Hitmetrix - User behavior analytics & recording

Our look at the most – and least – engaging social media

Restaurant chain Pei Wei Asian Diner used the launch of its Caramel Chicken entrée to beef up its email database. Online messaging and in-?restaurant signage called on consumers to join Pei Wei’s email list via SMS, Twitter, Facebook or on the Web in exchange for a discount coupon. The campaign ?generated 20,000 new email subscribers in two weeks, with nearly a third of the opt-ins coming through SMS from diners.?

Universal Pictures launched a scavenger hunt in October in support of the would-be action-adventure blockbuster “Tower Heist.” Backed by a major multimedia campaign encompassing national TV spots, transit ads and billboards, the excitement-and-adrenaline-building campaign is a case study in how to build hype ahead of a film release. The Tower Heist Facebook page snagged 162,000 “likes” by early November, just three weeks after the campaign launched.?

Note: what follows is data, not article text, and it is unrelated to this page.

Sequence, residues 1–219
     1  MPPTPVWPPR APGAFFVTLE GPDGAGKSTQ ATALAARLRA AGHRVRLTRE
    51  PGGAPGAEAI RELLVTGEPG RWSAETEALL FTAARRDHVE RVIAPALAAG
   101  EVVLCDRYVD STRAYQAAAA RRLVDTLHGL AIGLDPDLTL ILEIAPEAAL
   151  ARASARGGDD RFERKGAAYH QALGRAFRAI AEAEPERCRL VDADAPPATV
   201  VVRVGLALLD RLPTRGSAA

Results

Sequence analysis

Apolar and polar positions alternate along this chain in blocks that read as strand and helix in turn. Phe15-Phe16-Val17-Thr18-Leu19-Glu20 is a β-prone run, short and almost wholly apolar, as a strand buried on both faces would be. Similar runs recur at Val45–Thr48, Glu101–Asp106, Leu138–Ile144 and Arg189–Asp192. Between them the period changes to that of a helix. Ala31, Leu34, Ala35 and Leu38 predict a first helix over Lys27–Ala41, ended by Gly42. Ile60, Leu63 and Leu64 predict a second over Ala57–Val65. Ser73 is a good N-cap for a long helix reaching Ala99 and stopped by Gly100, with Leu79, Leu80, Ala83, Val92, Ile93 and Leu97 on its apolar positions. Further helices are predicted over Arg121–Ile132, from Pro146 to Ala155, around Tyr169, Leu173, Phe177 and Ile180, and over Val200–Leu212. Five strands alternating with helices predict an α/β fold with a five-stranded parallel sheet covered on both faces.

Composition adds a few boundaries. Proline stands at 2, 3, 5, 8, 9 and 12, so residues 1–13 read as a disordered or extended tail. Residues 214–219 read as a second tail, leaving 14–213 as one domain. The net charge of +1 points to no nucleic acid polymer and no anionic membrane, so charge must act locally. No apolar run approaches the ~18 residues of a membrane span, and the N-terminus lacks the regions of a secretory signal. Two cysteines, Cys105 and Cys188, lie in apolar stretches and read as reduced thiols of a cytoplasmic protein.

With cold and flu season lurking, Heinz partnered with agency We Are Social to ?allow Facebook users in the U.K. to send ailing friends actual cans of soup directly to their sick beds through its Facebook page. The labels were personalized with the phlegmy friend’s name below the words “Get Well Soon.” Roughly 2,000 cans — which cost the European equivalent of about $3 each to send — were mailed during the life of the campaign. Numerous fans expressed disappointment on Heinz’s Facebook wall when the campaign ended in October.?

Sara Lee Deli’s “Life’s Not Perfect …?But Your Deli Meat Can Be” Facebook campaign attempted to connect with consumers through a series of videos depicting “life’s imperfect moments” and “sandwich-perfecting recipes.” The Facebook page includes adorable videos of children, recipes, poll questions and product photos. The videos and helpful posts give the page’s 116,000 fans something to chew on, but a direct call-to-action embedded within the page would have made this an even meatier campaign. ?

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